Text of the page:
As the state scales back its psychiatric institutions, jails often become de facto mental hospitals. Earlier this year, when Summit County’s sheriff said ‘no more,’ he sparked a national debate about how people with mental illnesses are treated in the criminal justice system. Amanda Rabinowitz of Ohio Public Radio station WKSU goes inside Summit County’s jail to explore the issue.
A door inside the Summit County Jail is marked “1-D.” That’s the pod with 24 cells devoted to inmates who have mental illnesses – things like schizophrenia, bipolar and dissociative disorders.
Inside, a common area smells like urine. Metal tables and TVs are bolted to the floor. One inmate is in a cell wearing a special green gown that’s thick, quilted and sleeveless to prevent the man from being able to tear the material and hang himself.
Another common area with a skylight is around the corner. There, about a dozen inmates in striped uniforms sit together in the sun, many rocking back and forth.
Together, they represent a small fraction of the jail population with psychiatric problems. Summit County jail Chief Gary James says as many 140 inmates are on psychotropic drugs on any given day.
JAMES: “Obviously, [they’re] probably pretty good and medicated, they look like they’re doing pretty good,” he said. “And, this is a good day. Normally, there’s somebody in here that is kicking the doors and yelling and screaming and hollering and the deputies have to deal with that.”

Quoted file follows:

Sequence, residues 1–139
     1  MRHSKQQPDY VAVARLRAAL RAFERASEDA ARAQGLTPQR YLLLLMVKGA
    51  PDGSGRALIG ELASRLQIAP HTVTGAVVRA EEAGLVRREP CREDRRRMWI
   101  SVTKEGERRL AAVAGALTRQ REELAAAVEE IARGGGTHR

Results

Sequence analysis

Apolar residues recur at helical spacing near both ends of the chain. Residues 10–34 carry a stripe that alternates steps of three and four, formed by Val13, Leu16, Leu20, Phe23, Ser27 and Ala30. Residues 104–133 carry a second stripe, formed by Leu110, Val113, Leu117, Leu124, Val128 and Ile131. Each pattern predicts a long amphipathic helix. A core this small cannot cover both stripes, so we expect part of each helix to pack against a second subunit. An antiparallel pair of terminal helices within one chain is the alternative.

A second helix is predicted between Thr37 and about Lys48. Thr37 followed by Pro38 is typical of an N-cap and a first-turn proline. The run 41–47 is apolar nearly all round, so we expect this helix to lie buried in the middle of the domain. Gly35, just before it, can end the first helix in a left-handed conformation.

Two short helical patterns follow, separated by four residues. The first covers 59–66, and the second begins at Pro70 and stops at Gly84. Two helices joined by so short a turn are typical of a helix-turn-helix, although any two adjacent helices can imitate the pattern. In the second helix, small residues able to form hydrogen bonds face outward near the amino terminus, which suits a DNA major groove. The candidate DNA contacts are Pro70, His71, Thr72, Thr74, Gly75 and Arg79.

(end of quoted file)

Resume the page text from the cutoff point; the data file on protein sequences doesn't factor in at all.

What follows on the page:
This may be a good day, but Summit County Sheriff Drew Alexander says there have been too many bad ones. So bad, that back in 2006, an inmate, Mark McCullough, died after struggling violently with deputies in the jail’s mental health unit. The officers were charged criminally; one was acquitted of murder and the charges against four others were dismissed.
In February of this year, Alexander became the first sheriff in the country to say he would no longer book violent mentally ill offenders unless they get mental-health treatment first.
The policy came at the recommendation of the National Institute of Corrections, which Alexander brought in to review the situation. Alexander says his facility cannot be a dumping ground for people who cycle through hospitals, jails and the streets.
ALEXANDER: “These people turned to the streets, they have nowhere to go, and as a result they end up in our jails. We could go downtown Akron, and I could walk around and show you 10 beds of people who are sleeping outside all winter, and they probably are in and out this jail, too, sometimes they just come in to get warm.”
Within the last two years, the jail began videotaping each incident in which deputies had to enter a cell to control a violent inmate. Chief James sifts through hundreds of video files on his computer. He finds one in which an inmate diagnosed with schizophrenia arrives off his medication and in the midst of a psychotic break.
James fast-forwards the tape to 17 minutes: The team, of five deputies is getting ready to enter the cell as the inmate is screaming profanities and kicking. They are prepared with stun shields and helmets.